While it is widely felt that Mitt Romney won the debate against Barack Obama, with as many as 67% thinking he did so, it remains to be seen exactly if the Republican presidential nominee win will reflect in the polls and the state of the race.
The debate itself was mediocre and Romney didn’t do extraordinary, he merely did better than the president. While Romney’s performance certainly helped keep his campaign afloat, it remains to be seen if this is the comeback story he is hoping for.
So far, things aren’t looking too good for Romney. In post-debate polls Barack Obama is still 3.5% above him nationally and is beating him in all but one swing state. Part of the issue is that just because someone thinks you won a debate it doesn’t mean you won his or her vote. People are already familiar with Romney and Obama and the differences between them. No one is going to suddenly decide they like less financial regulation just because you have a good on stage demeanor.
Mitt does have an advantage in that there are nearly two weeks before the next presidential debate. While there is a vice presidential debate in between, Obama still has to have the next two weeks filled with questions on his debate competence putting him on the defensive for a change. If they can continue this for every debate it could have an impact on the actual race if they can cast Obama as unarticulated and unprepared. After the last debate, though, it’s wise to think the Obama camp has learned its lesson and is going to try a new approach.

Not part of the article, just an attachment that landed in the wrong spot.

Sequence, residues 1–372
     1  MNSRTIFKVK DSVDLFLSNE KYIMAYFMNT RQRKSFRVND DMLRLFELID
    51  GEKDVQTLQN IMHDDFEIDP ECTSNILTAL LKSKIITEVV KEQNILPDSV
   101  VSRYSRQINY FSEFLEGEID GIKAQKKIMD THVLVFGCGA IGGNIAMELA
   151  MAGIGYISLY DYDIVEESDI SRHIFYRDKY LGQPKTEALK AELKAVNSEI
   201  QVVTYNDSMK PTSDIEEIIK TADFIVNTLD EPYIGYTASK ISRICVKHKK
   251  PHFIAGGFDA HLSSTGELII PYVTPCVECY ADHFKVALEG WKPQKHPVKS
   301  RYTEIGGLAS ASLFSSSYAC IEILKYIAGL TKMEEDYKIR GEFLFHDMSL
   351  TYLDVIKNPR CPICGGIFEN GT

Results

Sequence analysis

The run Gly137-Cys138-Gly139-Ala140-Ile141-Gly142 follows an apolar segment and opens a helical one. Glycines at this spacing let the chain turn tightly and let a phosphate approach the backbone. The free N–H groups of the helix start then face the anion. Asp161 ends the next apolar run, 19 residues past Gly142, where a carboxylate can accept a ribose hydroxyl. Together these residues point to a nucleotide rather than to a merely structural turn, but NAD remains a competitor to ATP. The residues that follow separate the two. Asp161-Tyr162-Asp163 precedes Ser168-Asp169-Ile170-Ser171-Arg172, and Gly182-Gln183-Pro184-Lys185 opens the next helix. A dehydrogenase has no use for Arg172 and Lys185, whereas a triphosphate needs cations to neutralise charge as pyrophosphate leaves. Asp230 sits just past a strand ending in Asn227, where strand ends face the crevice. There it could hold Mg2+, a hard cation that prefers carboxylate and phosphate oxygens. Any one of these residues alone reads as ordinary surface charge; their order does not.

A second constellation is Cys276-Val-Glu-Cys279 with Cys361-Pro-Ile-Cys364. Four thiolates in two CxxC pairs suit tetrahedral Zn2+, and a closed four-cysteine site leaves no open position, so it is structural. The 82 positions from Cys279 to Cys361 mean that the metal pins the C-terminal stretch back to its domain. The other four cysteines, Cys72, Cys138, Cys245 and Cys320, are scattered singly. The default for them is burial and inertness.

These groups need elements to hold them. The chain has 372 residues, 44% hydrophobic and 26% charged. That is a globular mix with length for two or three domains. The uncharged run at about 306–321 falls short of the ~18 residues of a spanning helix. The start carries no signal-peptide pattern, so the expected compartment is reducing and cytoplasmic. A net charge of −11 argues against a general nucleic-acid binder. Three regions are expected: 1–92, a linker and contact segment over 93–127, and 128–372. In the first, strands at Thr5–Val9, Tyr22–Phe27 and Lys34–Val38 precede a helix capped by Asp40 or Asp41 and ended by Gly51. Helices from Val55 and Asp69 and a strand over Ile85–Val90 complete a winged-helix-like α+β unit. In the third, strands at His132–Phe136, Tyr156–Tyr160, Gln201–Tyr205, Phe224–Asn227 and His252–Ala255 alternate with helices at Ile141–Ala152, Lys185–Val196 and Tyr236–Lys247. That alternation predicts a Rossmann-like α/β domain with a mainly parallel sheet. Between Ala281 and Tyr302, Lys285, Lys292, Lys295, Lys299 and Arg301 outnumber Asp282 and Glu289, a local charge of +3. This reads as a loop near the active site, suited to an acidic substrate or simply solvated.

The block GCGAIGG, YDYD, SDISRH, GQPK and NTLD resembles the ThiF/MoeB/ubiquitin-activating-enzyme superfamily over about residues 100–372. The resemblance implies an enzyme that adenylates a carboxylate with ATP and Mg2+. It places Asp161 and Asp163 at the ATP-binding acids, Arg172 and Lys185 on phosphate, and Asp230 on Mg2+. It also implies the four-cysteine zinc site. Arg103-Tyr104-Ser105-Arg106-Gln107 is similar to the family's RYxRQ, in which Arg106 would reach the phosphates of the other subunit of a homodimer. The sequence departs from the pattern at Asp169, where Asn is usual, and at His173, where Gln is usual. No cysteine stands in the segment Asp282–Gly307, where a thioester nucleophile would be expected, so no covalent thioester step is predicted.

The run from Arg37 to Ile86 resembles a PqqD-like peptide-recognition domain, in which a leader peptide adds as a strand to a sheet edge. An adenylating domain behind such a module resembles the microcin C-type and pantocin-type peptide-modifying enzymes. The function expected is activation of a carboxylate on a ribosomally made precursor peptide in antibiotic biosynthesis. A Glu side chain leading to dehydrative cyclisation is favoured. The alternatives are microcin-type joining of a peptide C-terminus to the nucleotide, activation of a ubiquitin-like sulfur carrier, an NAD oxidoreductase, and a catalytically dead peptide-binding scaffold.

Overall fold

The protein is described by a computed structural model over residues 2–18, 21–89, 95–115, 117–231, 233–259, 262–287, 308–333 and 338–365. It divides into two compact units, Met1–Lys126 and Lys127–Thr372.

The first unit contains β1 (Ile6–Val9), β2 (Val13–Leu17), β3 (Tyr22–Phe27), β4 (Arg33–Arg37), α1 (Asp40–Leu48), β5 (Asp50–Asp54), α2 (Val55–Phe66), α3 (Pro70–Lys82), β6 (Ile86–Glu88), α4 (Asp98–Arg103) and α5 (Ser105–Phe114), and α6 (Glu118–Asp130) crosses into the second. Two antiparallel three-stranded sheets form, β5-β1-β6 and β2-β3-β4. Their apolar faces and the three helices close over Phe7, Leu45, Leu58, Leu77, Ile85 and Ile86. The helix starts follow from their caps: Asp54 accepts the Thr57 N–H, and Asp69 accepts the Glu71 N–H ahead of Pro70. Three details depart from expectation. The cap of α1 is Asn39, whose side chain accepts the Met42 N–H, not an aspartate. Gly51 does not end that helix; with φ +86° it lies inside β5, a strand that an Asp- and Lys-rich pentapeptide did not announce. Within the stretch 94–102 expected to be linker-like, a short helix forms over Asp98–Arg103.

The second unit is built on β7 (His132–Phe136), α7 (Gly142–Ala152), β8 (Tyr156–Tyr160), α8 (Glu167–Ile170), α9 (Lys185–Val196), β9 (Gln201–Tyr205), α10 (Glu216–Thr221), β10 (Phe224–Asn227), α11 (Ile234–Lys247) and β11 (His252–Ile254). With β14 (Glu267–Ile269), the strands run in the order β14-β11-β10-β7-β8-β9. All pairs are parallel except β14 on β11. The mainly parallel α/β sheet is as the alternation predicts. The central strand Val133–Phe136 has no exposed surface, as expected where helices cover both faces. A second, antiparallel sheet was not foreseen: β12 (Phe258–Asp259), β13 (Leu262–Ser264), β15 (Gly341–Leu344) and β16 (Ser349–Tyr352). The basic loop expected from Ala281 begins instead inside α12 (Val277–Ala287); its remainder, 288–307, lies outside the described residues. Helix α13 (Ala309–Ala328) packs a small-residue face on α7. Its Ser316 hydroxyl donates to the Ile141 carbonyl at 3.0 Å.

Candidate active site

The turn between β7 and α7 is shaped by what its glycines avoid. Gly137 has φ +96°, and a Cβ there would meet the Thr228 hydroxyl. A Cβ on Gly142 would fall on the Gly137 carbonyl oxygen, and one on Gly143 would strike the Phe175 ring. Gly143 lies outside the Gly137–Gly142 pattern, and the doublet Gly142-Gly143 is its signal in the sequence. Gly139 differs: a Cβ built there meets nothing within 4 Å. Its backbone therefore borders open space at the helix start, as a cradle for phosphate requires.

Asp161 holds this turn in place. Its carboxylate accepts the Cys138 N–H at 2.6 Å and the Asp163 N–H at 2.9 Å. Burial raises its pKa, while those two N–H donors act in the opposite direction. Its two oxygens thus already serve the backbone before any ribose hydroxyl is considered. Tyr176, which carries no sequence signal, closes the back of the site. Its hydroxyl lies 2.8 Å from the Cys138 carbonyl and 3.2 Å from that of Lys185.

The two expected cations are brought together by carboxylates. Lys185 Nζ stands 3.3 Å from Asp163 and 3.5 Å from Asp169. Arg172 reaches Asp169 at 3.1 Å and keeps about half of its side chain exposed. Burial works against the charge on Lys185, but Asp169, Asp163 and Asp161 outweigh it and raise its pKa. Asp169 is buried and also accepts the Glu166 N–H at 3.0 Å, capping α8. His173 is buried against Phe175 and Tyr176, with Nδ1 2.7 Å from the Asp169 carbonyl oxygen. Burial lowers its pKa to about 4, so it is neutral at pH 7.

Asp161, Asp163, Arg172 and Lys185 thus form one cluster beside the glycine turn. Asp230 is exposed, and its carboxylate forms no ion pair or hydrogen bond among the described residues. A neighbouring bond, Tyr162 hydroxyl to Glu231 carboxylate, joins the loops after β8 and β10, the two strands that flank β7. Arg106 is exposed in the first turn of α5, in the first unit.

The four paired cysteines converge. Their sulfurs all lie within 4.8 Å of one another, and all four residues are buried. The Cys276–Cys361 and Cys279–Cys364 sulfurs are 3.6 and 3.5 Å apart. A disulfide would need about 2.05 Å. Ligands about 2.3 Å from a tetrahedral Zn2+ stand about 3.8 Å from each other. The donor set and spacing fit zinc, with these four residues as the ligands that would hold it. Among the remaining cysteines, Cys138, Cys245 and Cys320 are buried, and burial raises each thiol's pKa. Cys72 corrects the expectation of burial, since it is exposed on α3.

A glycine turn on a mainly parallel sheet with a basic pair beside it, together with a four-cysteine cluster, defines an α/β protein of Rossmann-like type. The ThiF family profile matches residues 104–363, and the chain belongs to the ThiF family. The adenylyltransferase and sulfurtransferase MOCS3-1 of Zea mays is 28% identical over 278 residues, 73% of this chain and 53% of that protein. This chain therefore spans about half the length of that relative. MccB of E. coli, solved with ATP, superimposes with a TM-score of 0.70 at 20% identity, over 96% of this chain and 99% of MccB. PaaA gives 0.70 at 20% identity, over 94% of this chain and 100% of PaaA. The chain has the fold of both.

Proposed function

There is the possibility that the debate really did mark a turning point and Romney is going to make a comeback. It might just take a while to reflect in the polls. But the odds are stacked pretty high against the former governor of Massachusetts. He’s probably going to need more than a good debate performance to turn it around.